After finishing up the background, I really honed in on the people in the foreground. Here are some photos of me working taken by a talented photographer, Tom Gardner, at Artisan Forge Studios, where I work. At this stage I am nearly finished with the portrait. Yes, I can see the finish line from here!

Artist Matt Philleo working on a 48" x 72" commissioned portrait painting at Artisan Forge Studios

Artist Matt Philleo working on a 48″ x 72″ commissioned portrait painting at Artisan Forge Studios

I completed the painting, sent a proof to the client, Jim, and he responded, asking me to make a few minor changes on his son’s face. You don’t always get it right the first time. But I have learned this over the years:

As long as you stick with it, and ask God for help on how to make the necessary changes, it will always turn out all right.

In this case, Jim was extremely specific in the corrections he requested and, from an artist’s perspective, that really helps. That way, you’re not just shooting in the dark. You know what you need to do and how to get there.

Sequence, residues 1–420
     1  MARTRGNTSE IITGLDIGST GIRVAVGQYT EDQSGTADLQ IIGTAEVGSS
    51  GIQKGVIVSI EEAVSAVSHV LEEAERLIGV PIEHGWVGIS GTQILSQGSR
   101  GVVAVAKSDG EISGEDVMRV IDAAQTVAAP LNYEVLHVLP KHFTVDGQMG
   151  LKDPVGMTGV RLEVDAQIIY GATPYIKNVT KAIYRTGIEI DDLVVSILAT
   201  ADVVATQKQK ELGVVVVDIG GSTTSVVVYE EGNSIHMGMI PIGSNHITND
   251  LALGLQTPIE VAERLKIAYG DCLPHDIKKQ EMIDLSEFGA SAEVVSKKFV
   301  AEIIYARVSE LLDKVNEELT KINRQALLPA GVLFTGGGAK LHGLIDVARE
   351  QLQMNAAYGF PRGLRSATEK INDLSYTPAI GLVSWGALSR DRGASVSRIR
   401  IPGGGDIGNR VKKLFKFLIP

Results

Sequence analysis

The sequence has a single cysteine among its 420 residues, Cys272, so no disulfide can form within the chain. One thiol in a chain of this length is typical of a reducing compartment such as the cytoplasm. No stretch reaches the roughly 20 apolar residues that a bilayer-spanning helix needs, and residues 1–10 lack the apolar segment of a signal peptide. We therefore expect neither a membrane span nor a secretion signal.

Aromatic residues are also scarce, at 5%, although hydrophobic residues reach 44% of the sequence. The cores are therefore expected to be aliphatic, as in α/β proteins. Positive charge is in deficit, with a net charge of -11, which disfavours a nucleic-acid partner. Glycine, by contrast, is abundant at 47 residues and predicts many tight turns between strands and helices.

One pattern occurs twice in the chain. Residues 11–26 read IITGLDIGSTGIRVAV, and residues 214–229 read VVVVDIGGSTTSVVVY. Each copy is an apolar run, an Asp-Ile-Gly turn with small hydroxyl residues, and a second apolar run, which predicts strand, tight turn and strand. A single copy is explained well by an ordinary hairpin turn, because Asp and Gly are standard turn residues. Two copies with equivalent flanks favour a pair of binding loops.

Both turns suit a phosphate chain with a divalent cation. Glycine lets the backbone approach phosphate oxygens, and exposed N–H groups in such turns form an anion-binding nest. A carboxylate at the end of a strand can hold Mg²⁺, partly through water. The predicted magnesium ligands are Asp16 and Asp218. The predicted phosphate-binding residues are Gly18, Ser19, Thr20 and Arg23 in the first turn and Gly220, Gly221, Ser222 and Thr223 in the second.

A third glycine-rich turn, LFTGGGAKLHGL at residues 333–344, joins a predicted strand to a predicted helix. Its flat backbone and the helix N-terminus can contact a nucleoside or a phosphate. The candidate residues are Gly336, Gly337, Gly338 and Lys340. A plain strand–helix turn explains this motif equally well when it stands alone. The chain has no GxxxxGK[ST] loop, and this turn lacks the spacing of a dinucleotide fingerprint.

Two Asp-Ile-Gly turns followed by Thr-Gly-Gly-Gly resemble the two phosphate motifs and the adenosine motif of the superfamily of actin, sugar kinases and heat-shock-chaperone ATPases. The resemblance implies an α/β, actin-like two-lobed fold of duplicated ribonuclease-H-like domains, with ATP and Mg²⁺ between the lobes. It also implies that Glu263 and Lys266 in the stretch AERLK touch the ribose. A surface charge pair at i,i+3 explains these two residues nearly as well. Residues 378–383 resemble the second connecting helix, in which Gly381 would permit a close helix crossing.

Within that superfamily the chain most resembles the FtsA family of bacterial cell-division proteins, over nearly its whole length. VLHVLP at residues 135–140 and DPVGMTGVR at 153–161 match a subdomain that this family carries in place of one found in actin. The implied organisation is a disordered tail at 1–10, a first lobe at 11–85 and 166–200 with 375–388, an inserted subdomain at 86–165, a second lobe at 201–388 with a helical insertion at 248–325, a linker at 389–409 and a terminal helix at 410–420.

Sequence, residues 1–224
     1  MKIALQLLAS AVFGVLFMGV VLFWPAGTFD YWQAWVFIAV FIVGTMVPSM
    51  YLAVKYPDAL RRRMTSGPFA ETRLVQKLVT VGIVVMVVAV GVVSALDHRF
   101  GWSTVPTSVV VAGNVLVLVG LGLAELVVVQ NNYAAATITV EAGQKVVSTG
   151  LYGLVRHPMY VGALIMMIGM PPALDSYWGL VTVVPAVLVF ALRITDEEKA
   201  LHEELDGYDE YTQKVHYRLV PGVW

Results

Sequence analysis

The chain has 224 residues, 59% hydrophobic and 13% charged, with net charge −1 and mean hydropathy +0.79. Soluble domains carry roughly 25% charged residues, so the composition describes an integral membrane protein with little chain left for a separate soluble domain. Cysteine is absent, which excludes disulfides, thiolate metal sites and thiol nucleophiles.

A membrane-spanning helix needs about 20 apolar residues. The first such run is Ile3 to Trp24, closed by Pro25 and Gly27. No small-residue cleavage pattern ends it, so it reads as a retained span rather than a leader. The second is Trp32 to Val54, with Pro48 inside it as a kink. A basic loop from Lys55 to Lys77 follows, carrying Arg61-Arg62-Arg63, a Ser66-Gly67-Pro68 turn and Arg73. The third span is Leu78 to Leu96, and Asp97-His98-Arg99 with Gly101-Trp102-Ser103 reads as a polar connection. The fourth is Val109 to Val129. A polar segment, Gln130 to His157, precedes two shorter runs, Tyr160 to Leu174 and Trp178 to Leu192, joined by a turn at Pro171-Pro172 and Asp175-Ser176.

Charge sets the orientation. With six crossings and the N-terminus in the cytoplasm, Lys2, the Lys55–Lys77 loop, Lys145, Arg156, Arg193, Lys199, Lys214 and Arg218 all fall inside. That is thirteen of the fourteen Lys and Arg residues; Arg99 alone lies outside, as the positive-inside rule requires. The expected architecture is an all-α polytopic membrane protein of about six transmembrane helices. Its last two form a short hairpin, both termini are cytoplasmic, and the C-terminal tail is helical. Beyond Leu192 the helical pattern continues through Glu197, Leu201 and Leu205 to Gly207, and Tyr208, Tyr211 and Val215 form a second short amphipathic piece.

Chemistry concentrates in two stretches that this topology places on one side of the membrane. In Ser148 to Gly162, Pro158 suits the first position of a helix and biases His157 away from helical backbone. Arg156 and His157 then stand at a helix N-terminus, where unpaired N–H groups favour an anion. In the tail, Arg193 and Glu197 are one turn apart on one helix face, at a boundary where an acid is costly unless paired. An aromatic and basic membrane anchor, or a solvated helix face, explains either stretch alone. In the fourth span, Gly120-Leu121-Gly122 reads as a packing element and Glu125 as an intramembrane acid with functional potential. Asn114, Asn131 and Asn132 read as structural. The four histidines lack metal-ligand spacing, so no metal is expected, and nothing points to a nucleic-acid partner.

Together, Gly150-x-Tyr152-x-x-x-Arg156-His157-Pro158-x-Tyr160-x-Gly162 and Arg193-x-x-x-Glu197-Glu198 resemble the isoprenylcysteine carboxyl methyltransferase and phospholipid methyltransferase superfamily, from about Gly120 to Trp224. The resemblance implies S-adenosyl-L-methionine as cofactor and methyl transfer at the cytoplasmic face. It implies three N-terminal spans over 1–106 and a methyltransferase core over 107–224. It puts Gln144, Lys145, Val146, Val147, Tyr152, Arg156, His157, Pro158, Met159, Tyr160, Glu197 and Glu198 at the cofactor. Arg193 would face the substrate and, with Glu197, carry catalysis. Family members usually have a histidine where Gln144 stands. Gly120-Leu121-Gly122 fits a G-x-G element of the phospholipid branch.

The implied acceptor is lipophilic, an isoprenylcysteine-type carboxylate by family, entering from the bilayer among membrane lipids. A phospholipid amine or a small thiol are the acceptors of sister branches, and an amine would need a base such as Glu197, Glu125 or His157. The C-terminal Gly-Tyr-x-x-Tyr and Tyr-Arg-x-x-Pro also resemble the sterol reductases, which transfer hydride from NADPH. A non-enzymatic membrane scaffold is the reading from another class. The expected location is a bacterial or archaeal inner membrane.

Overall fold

Artist Matt Philleo detailing a face within the 48" x 72" portrait.

Artist Matt Philleo detailing a face within the 48″ x 72″ portrait.


After the changes, Jim approved the portrait, and I wrapped it up and made the drive to Minnesota to deliver it. Jim only lives 1 1/2 hours away, so I figured delivering it in person was the best way to go.

He and his wife loved it, and I feel like their home is the perfect environment for this painting both aesthetically and conceptually.

It fits right in, and their decor matches perfectly.



The finished portrait hanging in the client’s home in Minnesota.

Jim just sent me a testimonial on this portrait, which he posted on, the website that brought his idea and my execution of it together. Here’s what he wrote: